The City Council has presented a document to the municipal assembly informing them about the estimated cost and schedule for completing key transportation projects.
This was done in response to resolution number 2/7 of March 23, 2023, in which the City Council was tasked with presenting a schedule for the implementation of certain key transportation projects, including budgetary requirements. The superior cycle routes A1 to A9 were later added to the list of key transportation projects. The Prague municipal assembly has designated the superior cycle routes A1 to A9 as key transportation projects.
The municipal document Z-11667 dated September 14 now estimates that the cost of completing all superior cycle routes A1 to A9 would be approximately 3 billion Czech crowns (in 2019 prices). Estimated annual operating costs are around 130 million Czech crowns.
The total estimated cost of all key transportation projects is approximately 268.5 billion Czech crowns, so the costs of the superior cycle routes make up roughly 1.1% of all projected investment expenses for key transportation projects.
The document further states that if investments in transportation infrastructure were to remain at, for example, 6 billion Czech crowns per year, the completion of all key transportation projects would take approximately 28 years. If the construction of metro line D is also taken into account, the realization of all key projects would take 44 years.
It is noted that the city is also preparing a number of other investments that are not classified as key transportation projects, such as the reconstruction of the Smíchov transportation terminal, bridge renovations, the reconstruction of the Strahov tunnel, and the Southern Link road.
The document concludes, „Even in the next 20 years, it will not be possible to implement most of the measures from the list due to their investment requirements and the continuous increase in regular expenditures in the transportation chapter. The current pace of road infrastructure maintenance is insufficient to even slow down its continuous degradation. For example, it will not be possible to finance the construction of the city ring road from the city budget.“
The municipal authority adds, „In terms of assessment, we would like to point out that the ratio of benefits to financial costs of some measures on the list is debatable. For example, the investment of 1-1.5 billion Czech crowns in a new P+R parking facility at a metro station provides limited benefits in terms of transportation volume and the division of transport work, despite improving air quality and reducing climate impacts. This is because approximately 800,000 cars are estimated to be present in Prague daily. In contrast, a similar amount of investment is required for the tramway line from Nádraží Podbaba to Suchdol, which serves a population of 6,800 along with the surrounding area and a university with 20,000 students and 900 employees.“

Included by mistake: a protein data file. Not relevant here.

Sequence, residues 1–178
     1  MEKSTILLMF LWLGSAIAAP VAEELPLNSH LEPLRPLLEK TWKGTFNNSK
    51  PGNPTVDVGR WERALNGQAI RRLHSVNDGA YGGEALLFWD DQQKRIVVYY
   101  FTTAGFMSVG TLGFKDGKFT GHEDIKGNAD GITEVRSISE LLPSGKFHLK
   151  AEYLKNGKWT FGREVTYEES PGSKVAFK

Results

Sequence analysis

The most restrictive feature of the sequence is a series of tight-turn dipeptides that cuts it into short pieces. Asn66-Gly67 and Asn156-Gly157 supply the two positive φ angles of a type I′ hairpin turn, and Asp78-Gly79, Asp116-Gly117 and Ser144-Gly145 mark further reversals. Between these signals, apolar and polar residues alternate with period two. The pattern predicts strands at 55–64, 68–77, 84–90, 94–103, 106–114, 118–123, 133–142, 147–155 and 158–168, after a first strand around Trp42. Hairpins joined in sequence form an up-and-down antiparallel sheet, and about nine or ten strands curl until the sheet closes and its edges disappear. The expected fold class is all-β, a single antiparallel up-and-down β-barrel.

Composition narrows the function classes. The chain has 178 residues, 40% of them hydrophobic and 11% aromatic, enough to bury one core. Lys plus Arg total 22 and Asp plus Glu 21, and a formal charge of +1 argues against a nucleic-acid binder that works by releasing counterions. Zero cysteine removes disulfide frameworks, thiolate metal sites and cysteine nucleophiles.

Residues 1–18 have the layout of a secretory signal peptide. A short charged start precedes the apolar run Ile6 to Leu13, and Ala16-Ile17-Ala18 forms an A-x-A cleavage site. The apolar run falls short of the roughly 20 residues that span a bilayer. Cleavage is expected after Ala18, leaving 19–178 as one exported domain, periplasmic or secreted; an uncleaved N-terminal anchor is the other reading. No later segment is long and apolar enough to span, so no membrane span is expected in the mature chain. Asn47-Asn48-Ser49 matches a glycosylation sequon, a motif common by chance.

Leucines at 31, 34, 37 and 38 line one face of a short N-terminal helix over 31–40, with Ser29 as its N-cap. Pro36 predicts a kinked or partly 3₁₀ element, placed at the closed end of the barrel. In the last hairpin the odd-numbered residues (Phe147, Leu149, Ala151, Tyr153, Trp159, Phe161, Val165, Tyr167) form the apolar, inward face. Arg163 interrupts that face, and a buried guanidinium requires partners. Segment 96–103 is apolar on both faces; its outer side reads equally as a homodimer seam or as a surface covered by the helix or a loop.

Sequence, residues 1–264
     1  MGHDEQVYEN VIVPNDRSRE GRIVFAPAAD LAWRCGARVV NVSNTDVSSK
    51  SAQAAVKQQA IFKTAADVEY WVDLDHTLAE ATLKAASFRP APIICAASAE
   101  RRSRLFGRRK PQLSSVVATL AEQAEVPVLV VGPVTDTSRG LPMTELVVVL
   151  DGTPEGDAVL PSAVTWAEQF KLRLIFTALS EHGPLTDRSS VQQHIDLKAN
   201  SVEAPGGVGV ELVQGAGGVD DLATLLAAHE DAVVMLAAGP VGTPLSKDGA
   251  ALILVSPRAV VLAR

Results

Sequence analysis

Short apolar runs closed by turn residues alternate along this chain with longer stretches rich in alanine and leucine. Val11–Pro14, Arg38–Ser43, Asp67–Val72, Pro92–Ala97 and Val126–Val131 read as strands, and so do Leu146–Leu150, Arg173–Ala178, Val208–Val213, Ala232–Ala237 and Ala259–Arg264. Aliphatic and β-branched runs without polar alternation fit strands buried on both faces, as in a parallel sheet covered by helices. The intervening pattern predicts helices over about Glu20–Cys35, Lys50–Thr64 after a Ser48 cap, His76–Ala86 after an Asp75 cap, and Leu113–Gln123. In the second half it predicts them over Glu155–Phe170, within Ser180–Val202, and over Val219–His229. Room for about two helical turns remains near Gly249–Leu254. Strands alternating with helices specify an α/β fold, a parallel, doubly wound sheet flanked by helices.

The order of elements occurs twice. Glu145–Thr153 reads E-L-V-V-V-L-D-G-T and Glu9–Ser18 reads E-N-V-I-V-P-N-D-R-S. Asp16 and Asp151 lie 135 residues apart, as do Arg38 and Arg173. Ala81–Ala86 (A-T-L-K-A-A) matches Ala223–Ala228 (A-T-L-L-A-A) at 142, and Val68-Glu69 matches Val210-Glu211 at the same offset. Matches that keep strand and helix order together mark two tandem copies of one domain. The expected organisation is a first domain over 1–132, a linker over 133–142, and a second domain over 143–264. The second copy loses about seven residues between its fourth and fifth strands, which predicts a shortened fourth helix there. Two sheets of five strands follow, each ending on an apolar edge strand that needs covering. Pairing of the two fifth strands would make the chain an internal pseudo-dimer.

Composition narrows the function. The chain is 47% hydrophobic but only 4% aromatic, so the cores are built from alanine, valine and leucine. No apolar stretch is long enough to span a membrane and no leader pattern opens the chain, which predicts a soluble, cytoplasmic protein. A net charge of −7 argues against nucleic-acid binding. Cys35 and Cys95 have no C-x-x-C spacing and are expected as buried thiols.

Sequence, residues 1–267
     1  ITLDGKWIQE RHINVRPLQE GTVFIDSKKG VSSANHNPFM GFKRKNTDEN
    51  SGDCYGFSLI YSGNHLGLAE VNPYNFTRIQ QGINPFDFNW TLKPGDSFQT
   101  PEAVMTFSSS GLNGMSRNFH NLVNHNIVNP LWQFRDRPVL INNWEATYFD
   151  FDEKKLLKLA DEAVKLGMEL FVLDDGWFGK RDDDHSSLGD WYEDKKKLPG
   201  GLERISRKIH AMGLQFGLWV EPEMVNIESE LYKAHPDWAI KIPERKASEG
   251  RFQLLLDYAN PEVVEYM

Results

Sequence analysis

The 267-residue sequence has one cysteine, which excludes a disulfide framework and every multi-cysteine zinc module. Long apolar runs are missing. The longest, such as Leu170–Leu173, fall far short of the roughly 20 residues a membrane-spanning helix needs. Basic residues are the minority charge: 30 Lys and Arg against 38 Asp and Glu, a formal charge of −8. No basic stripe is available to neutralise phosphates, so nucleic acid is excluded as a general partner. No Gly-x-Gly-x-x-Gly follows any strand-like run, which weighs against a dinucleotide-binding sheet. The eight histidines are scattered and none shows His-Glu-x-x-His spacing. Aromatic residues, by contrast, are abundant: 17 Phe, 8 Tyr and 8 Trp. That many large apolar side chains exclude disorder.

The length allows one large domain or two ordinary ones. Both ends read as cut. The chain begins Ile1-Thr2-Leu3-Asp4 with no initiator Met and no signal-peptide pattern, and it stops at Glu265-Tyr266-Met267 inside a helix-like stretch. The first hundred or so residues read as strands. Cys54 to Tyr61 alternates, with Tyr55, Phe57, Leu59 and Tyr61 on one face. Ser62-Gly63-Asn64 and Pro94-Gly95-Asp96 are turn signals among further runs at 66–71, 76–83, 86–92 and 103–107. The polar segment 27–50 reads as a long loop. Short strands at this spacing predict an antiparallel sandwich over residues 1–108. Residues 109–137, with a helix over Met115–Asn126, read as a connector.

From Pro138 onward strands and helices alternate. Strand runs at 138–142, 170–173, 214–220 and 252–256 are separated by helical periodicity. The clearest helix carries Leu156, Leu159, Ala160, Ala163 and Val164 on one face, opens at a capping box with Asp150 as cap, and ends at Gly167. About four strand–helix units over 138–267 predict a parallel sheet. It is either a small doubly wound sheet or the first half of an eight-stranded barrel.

According to available foreign studies, the effect of proposed radial road projects on transportation may not be positive. By shortening travel times, new fast connections increase the overall number of car journeys at the expense of more environmentally friendly modes of transportation. Traveling by car will become attractive to many people who currently use public transport or do not travel to more distant destinations at all. Additionally, capacity-enhancing radial roads promote suburbanization and the associated increase in car traffic from suburban areas to the city center, leading to traffic congestion within the city. However, the capacity of the road network within the city has been consistently utilized. The financial costs, such as the 14 billion Czech crowns for the Radlická radial road, are significant in terms of the city’s total investment budget.“
The Prague citywide cycling system includes so-called superior, backbone, and main cycling routes. These routes are designed to provide basic and safe permeability throughout the city for cyclists when completed.
Superior routes are the highest category, marked with codes A1 to A9 (plus the city loop A50). In concept, they are considered „cycle highways,“ corridors where high-quality and separated cycling infrastructure should ultimately be built. These corridors were defined only recently in the entire system, with the first superior routes as such being defined in the 2019 update. This was also a response to the preparation of several cycle paths along former railway routes (e.g., Vršovická railway promenade, cycle path along the Kladno railway route).
Backbone routes, marked with two-digit codes A10 to A99, ensure basic cycling permeability in all areas of Prague. Former backbone cycling routes A1 and A2 have been defined as part of the superior cycling routes since 2019.
Main routes are marked with three-digit codes A100 to A999 and mainly provide locally significant cycling connections, further densifying the basic system of superior and backbone cycling routes.
List of key transportation projects in Prague:
(Source: Municipal Assembly resolution)